Part8 of CXO Priorities | COMPETITION
Business has mostly seen the IT organization as just one of many business support functions, not much different in nature to finance, manufacturing, or HR. Until recently, few business heads recognized IT as a determining factor in a business's ability to gain or lose market share or as the driver of the competitive dynamics of entire industries, Cutter Business Technology Council Fellow Christine Davis noted recently.
Those assumptions were seriously challenged earlier this year when The Wall Street Journal ran "Dog Eat Dog", an article in which Andrew McAfee from Harvard Business School and Erik Brynjolfsson from MIT's Sloan School of Management demonstrated how in the US private sector, at least, companies that use IT most have experienced the biggest growth in market share.
"A company's leadership position today can be disrupted by a competitor the very next day if the competitor is more insightful, more connected to its customers, and quicker to deliver solutions," Davis points out. "This is the new norm in this highly competitive and dynamic environment, and the turbulence will only become more intense and more pervasive as IT usage expands across all industries.
The most important role a CIO can play is as a technology interpreter or facilitator to the business
"The good news is that IT really does matter. The bad news is that as every company and industry becomes more and more dependent on IT over the next 10-20 years, all industries and companies will experience this dog-eat-dog competitive cycle. It is not sufficient to merely react to the competition's last move; companies have to drive the competitive dynamics of their industries to be successful in keeping and/or gaining market share."
Davis says companies that realize how important IT is in determining competitive advantage are changing to ensure they engage IT as a true business partner, forcing IT in turn to become much more agile and increasingly more engaged and integrated with both internal and external customers and suppliers. It's fair to say there is no longer a single industry where the market leader would not have achieved (and retained) the leadership because of strategic use of technology, he says. This is true not only of service industry players like Dell and Wal-Mart, and the like but also of manufacturers like Toyota.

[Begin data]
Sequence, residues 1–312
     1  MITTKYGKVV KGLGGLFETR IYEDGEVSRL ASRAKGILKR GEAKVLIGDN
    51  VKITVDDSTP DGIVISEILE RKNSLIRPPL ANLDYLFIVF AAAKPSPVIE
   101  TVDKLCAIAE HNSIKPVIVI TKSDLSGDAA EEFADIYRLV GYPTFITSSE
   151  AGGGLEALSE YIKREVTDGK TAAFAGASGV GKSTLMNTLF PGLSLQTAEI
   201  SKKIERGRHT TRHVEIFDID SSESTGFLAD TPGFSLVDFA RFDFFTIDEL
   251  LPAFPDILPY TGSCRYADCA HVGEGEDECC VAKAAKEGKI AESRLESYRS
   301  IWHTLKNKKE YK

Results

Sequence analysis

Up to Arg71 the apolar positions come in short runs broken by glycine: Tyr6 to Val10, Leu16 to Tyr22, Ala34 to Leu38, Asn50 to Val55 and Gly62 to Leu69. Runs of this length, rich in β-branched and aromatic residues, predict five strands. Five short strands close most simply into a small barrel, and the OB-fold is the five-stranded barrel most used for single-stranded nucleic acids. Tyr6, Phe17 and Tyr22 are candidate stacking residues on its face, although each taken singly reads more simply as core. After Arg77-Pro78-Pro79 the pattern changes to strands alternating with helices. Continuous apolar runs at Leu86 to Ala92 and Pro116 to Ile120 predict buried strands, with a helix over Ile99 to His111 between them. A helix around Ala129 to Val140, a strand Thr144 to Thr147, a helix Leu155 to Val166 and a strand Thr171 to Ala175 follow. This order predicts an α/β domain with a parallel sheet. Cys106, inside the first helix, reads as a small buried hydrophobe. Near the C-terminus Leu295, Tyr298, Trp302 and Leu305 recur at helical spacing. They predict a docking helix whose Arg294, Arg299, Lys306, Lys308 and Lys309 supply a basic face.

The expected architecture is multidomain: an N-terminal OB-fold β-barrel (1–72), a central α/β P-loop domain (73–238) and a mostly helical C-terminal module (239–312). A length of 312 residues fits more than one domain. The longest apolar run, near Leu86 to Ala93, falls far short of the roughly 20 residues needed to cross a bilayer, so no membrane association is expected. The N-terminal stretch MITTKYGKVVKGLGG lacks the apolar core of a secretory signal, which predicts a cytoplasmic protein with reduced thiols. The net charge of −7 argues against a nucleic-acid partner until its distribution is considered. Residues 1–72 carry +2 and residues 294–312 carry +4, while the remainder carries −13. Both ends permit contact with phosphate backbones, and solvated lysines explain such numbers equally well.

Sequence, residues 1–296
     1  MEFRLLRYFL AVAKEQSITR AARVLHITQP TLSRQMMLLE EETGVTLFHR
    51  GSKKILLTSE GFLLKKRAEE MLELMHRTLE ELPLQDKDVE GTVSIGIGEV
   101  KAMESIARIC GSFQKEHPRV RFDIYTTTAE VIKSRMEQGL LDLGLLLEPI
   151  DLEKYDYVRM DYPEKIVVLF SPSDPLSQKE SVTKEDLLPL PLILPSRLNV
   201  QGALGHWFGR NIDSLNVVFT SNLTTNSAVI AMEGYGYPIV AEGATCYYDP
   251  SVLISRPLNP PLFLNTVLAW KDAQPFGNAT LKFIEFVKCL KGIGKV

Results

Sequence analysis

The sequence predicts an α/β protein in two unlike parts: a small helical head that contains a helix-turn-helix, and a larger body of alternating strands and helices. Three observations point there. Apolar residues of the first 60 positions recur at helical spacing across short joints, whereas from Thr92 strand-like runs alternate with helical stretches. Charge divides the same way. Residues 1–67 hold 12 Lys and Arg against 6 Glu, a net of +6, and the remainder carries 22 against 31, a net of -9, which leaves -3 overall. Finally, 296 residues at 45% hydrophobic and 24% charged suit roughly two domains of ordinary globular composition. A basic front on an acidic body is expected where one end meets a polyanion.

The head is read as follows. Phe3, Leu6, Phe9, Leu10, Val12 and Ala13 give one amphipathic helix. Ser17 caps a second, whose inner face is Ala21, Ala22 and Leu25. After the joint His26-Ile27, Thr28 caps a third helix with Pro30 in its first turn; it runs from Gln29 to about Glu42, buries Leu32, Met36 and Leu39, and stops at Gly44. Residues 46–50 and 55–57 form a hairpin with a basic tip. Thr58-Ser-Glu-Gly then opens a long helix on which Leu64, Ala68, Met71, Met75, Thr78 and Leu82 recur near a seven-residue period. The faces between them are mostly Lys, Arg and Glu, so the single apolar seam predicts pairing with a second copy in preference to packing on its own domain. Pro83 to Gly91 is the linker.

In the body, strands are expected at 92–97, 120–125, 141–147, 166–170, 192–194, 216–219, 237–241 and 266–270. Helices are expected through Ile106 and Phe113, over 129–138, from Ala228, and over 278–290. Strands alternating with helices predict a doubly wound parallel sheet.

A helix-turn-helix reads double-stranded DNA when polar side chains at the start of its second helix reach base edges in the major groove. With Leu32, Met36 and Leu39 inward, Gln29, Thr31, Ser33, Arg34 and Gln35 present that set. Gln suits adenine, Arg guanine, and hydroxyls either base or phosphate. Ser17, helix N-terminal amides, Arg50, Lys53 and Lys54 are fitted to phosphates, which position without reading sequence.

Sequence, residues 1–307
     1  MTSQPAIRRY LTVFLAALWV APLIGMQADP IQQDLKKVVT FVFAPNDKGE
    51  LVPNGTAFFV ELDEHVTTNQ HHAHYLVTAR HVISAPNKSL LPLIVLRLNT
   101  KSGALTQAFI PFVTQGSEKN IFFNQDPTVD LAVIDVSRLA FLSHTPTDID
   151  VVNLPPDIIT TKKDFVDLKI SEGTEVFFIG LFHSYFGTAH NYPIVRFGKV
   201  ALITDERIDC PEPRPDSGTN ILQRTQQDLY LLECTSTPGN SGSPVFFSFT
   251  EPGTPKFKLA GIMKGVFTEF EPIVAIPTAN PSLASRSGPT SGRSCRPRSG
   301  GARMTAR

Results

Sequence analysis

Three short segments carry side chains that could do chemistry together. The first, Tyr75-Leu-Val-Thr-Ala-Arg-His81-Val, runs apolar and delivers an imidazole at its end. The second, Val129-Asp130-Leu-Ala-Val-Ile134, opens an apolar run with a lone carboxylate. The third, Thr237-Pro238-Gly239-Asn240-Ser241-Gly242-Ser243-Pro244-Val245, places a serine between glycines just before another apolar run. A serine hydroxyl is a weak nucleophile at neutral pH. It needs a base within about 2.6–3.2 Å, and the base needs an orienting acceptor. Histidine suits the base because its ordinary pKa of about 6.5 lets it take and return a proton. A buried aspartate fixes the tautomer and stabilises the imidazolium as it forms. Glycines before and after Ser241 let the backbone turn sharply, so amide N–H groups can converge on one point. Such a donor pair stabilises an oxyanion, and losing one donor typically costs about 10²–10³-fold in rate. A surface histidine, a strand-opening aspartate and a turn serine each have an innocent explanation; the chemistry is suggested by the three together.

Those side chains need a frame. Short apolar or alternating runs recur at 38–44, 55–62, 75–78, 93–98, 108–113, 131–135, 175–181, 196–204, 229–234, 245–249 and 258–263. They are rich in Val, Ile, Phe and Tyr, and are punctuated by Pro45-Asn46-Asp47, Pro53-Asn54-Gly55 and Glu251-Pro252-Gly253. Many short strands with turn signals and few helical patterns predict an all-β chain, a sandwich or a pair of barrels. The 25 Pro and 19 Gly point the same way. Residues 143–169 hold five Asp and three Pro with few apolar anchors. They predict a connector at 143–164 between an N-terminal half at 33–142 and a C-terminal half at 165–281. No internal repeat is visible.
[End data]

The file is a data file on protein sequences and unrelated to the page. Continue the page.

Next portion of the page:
As time progresses technology is increasingly being embedded in a company's "strategic fibre", says Indian-based Prosares Solutions director Rakesh Vajpai. That makes the CIO role vital in ensuring the company is able to leverage maximum advantage from available and emerging technologies. "Consider the developments taking place in Web 2.0 arena," Vajpai says. "A proactive CIO would ensure the key decision makers are made aware of what it means for the business and how the company can benefit from it. This requires the CIO to speak 'business language' and have a deeper understanding of the company's strategic model."
Centre of Innovation
Any CIO who wants to be a part of actually growing and improving the business needs to look beyond "bigger", "better", and "faster" systems or processes, says Mark Thiele, director R&D business operations at VMware. To get beyond this "how to make IT better" mentality you have to create and implement a set of foundational attributes for the IT team that define how it operates day-to-day; how it measures success and how it develops strong talent that can run the business of IT while the CIO does the job of CEO for IT. And you must talk to people, Thiele says.
"Of course you need to meet regularly with the executive team, but you should go beyond that. You need to get comfortable enough with the functions in the business that you can translate opportunities into IT solutions. This can mean working in other departments for a week or more at a time, since having meetings once a month with each executive allows for little more than a chance for the executive to bitch about IT."
IT should also be a centre for innovation, Thiele says, and there is no end to the possibilities. There will always be new ways to use IT, new applications to develop and processes to streamline. However, if you don't know the business, you will most likely just make current slow or failed processes run faster, resulting in little or no real business improvement.
Beyond that, Thiele says, a strong CIO needs to play the role of CEO for IT, employ architectural concepts that account for the entire business in the implementation of any new solutions or processes, and develop a vision in coordination with the broader team. "Innovation, much like communication, is sometimes a very delicate flower and without careful and regular care it will quickly wither and die," he says.
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